Patel rap

It should be considered, not without a touch of irony, that the challenge to Narendra Modi and Amit Shah comes from their own home state and pocket borough. The chain of events in Gujarat this week suggest that in the emergence of Hardik Patel, those opposed to the prime minister and former Gujarat chief minister, could have found an ideal bedmate. Until two months ago, Hardik Patel, a representative of the state’s influential Patel or patidar agricultural community, who constitute roughly 14 per cent of the state’s population, was hardly a known name. Now suddenly, Delhi’s all-knowing political class has woken up to a 22-year-old rabble-rousing B Com graduate and motivator who is aggressively demanding reservations for Patels in the OBC quota. And he is leaving a trail in its wake. Hardik was member of the Sardar Patel Group (SPG), a leading patidar youth body as president of its Viramgam unit. The country’s first important Gujarati patidar was also its first Union home minister, Vallabhbhai Patel, the strongman who literally put India together.

As convenor of the Patidar Anamat Aandolan Samiti (PAAS), set up virtually a few weeks ago in July this year, Hardik has rocked the very foundations of the BJP government there, whose rise to power in Gujarat about a decade-and-a-half ago was primarily seen to be fashioned by the support of the Patels. Led by state chief minister, Anandiben Patel, who has in her 27-member cabinet seven senior Patel ministers, the community contributes five MPs to the Lok Sabha and three-dozen MLAs to the state assembly. For now, however, they have Hardik in their hair. Hardik is trying to tap into a popular patidar grievance, which reflects how skewed the education system and quota reservation raj politics may prove to be in the long run. His community, says Hardik, is losing out in the development sweepstakes because of the prevailing reservation regime.

“A patidar student with 90 per cent marks does not get admission in an MBA course while SC/ST or OBC communities get it with 45 per cent,” he has been quoted as saying. Hardik says he is not opposed to dalits, but it is a political line that has the potential of catching on outside the state as well. Reservation grievances run rampant in the Indian heartland, despite being tempered down by two decades of economic liberalisation and the accompanying employment opportunities; it just needs a little spark to fire. Hardik, who helped his father run a small submersible-pumps business in rural Ahmedabad before his exceptional abilities to interact and communicate catapulted him to the ranks of possibly the youngest politician in the country, also represents the new breed of netas who have little time for niceties. A recent video clip which has gone viral shows a montage of Hardik’s fiery images, including one where he’s holding an assault rifle. In the background, a provocative commentary informs us of the young man’s hidden innate desires and the methods applied to achieve those goals. While Hardik later told reporters he was just jigging to a popular Bollywood song, it’s a video that is unlikely to go down too well with law enforcement authorities.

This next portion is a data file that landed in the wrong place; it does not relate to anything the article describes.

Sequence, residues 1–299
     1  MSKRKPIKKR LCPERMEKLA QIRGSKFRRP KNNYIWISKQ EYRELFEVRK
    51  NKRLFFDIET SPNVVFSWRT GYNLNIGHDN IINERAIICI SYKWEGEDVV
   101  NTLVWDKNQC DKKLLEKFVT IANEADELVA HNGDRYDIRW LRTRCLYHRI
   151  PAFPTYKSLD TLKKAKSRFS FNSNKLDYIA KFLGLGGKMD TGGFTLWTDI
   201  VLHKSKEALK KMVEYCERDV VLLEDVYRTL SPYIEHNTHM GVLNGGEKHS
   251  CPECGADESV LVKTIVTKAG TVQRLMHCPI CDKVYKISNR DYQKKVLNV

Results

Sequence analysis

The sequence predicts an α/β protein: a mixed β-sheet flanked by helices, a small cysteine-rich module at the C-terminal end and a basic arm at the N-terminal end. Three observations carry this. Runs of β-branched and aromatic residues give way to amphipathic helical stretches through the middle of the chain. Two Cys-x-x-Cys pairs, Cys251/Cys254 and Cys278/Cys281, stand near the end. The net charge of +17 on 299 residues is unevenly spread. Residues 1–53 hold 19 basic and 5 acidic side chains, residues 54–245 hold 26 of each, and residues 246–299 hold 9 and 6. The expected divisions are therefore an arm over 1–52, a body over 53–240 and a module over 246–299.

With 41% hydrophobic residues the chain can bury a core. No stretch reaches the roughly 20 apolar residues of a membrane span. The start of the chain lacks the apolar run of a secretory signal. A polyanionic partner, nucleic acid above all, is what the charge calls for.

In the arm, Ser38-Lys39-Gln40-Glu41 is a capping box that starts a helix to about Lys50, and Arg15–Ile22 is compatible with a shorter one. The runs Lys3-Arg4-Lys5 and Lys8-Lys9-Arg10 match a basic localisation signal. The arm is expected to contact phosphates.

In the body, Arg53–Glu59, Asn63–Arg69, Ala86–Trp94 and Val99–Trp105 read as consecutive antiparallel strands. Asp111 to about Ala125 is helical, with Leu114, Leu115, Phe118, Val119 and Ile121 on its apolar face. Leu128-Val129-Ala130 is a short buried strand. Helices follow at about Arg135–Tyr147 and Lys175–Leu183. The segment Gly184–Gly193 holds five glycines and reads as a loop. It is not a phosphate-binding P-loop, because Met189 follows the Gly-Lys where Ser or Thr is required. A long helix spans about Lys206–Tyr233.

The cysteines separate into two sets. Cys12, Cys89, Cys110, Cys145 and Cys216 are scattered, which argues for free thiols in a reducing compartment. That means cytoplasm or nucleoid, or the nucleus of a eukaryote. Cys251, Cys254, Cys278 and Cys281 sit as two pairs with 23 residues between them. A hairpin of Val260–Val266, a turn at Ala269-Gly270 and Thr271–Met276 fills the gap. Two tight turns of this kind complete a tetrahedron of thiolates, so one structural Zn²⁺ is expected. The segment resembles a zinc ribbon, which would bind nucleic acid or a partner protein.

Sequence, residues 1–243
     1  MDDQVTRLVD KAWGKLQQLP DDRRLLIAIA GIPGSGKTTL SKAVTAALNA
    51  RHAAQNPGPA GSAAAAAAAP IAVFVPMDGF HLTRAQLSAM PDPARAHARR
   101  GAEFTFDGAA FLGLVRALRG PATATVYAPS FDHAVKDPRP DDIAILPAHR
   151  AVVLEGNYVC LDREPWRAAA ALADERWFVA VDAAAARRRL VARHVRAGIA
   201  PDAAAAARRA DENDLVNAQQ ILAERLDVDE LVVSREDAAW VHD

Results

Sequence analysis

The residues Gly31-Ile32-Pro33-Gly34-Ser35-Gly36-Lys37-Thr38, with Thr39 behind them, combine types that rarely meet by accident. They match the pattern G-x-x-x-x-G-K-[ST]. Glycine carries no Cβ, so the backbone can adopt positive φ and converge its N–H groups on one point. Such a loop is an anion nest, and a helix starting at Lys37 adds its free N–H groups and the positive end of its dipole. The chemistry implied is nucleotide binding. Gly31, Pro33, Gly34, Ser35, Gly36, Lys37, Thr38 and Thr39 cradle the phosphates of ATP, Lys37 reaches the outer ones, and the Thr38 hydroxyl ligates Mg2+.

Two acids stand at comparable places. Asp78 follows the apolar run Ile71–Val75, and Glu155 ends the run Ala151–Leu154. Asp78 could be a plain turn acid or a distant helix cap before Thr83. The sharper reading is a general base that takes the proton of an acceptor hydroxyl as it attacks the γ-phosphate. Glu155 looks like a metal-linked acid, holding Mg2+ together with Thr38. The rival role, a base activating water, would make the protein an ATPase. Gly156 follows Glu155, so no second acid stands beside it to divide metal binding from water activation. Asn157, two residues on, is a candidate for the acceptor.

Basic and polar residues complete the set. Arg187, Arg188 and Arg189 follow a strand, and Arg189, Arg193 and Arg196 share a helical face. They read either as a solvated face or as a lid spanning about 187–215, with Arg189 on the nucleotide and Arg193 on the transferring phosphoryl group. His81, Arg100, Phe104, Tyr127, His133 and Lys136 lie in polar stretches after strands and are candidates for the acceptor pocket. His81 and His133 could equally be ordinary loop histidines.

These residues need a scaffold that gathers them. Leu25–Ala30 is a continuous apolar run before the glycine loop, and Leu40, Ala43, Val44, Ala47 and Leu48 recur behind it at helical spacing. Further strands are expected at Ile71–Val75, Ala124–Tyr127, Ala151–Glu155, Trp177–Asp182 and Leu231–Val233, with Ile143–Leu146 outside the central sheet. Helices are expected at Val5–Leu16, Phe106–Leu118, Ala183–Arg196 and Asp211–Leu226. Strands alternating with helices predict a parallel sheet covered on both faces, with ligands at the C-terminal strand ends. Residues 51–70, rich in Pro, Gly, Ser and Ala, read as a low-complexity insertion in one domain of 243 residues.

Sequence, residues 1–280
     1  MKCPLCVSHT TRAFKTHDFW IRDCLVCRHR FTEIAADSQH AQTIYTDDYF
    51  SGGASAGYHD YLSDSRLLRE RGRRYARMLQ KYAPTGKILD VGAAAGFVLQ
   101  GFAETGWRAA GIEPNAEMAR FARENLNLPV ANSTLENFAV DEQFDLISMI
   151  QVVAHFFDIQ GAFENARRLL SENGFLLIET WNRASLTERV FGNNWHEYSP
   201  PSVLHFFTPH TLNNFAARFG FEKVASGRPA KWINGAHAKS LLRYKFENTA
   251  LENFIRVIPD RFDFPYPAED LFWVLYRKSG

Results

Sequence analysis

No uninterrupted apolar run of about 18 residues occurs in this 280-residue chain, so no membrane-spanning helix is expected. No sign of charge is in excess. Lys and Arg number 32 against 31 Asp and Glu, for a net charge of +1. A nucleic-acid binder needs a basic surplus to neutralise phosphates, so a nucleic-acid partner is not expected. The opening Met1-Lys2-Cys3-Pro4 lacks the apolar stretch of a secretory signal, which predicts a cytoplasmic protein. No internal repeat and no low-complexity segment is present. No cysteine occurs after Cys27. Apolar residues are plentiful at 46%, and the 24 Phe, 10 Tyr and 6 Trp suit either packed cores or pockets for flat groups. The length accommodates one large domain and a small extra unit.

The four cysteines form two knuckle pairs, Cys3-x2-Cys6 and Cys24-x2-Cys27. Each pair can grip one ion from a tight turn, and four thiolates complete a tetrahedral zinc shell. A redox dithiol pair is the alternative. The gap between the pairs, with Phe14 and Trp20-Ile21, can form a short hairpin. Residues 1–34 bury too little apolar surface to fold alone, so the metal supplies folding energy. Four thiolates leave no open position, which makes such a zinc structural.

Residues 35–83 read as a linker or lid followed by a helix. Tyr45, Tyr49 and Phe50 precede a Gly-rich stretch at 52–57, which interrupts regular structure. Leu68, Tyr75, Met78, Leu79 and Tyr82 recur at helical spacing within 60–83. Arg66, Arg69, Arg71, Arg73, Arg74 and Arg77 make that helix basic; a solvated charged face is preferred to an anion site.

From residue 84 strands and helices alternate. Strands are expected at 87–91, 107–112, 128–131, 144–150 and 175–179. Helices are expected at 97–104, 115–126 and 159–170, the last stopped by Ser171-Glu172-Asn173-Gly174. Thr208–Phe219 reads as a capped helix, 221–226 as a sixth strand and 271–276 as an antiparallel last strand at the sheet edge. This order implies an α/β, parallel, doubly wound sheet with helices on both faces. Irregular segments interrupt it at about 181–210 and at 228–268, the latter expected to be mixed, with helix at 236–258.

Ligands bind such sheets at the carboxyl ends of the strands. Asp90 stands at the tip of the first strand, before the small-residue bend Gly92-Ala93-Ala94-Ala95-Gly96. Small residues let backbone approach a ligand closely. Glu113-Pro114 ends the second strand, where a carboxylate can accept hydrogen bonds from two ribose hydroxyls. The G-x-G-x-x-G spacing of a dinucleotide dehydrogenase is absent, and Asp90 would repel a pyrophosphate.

To an extent, there is the touch of the Great Gatsby about Hardik Patel. No one can quite say with certainity how he has become such a rage in so short a time. For one — and the more important one — is the role of the Congress in getting young Hardik onto centrestage. Long marginalised in the state and now at the Centre, India’s oldest political party is aware that if hindutva has any antidote on a long-term basis, it is Mandal-style caste politics — forward hindu castes vs backward vs dalit vs the rest. It is a political experiment that has worked very well in Gujarat in the 1970s, much before it did in UP and Bihar in the 1980s and 90s. Could Hardik be the Congress’s ace to trump the BJP? We could get answers in the immediate foreseeable future. For another, grainy images of an even younger Hardik with Vishwa Hindu Parishad hardliner Pravin Togadia have surfaced on the social media and the net. There is a suggestion — just a hint — that Hardik may have the tacit backing of those hardliners who feel that Modi has diluted the saffron party’s core hindutva agenda. Either way, the idea of Patels seeking job reservations in this modern era should be, on the face of it, considered paradoxical. The group is more than well represented in Gujarat’s politics, administration and business. They have made a fortune outside the country and according to one recent estimate, comprise the largest Indian diaspora in the US. An estimated 1.7 million Patels in the US run and work in an unending chain of hotels and motels, prompting the nickname ‘Potels.’

That one of their own should seek job reservations under the OBC quota in Gujarat suggests that there is a larger stage being set up. Could Hardik be the harbinger of caste politics, which has been shaded for the last decade or so under growing hindu assertiveness? He has already received support from another OBC leader from far away Bihar, chief minister Nitish Kumar. Or could Hardik just melt away, as a shrewd Narendra Modi appeals for calm in a region where his writ ran unchallenged until a few weeks ago?



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